God's initiative, however, demands a response from Israel, both by obedience to the law given on Sinai and by religious worship. Thus, "the obligation of the people to observe the terms of the covenant is solemnly ratified by the holocaust, the sacrifices and the sprinkling of blood (Ex. 24:3-8). On the other hand, the leaders of the community... are brought into God's presence and commune with him in a sacred meal (Ex. 24:1-2;9-11 )."(14) Lest the cultic actions be merely empty gestures, it was necessary that they proceed from and bear witness to a living faith and obedience to God's word. Numerous prophets insisted on this point with great zeal (Am. 5:21-27; Is. 1:10-16; Jer. 6:20), indicating that although Israel had the Ark and the Temple, God's truest presence is not in any material place but in the hearts of men. There was always a temptation to yield to empty ritualism.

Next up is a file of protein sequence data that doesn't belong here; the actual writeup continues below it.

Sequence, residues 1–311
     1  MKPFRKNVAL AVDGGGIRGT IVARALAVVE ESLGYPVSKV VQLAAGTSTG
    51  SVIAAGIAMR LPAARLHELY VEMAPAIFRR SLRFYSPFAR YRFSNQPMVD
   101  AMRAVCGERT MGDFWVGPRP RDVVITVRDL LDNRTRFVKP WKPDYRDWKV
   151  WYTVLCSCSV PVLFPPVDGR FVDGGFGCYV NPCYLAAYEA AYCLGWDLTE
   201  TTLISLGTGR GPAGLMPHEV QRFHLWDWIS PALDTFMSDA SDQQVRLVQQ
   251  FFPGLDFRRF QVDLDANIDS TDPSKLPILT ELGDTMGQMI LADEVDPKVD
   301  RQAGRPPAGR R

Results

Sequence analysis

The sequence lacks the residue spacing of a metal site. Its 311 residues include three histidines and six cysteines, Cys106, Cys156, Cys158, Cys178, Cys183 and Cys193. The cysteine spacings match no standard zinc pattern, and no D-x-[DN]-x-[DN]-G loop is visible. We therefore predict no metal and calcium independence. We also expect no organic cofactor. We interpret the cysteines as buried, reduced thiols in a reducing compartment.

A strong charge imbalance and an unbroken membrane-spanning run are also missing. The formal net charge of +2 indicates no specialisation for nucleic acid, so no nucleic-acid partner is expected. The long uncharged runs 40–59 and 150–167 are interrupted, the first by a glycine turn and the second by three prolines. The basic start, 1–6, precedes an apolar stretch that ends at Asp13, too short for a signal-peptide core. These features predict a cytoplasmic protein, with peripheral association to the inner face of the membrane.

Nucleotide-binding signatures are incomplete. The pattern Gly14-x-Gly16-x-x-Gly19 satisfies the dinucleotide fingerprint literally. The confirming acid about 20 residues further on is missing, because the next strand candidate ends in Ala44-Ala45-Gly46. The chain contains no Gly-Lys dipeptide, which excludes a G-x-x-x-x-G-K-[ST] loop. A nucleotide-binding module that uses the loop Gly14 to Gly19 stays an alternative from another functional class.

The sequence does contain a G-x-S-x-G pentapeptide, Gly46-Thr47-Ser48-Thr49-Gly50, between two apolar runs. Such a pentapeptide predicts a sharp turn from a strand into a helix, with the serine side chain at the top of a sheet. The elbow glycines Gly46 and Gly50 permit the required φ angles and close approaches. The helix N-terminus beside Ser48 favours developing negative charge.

Thus, the prophet Isaiah (765-740 B c), whose mission it was to proclaim the fall of Israel and the punishment of the nation's infidelity, described Israel as "a sinful nation, a people weighed down with guilt, a breed of wrong-doers, perverted sons. They have abandoned Yahweh, despised the Holy One of Israel, they have turned away from him" (Is. 1:4). A century later, Jeremiah (b. 646 BC), who witnessed the fall of the kingdom and the exile of many of the Israelites, accused Israel of infidelity and predicted dire punishment in the name of Yahweh (Jer. 1-25). Not only have they wandered away from the presence of God, but God himself seems to disown them: "Even if Moses and Samuel were standing in my presence I could not warm to this people. Drive them out of my sight; away with them!" (Jer. 15:1).

It appears that the divine plan had reached an impasse, but such was not the case; God was disposed to receive Israel back into his presence if the people would repent and give perfect obedience: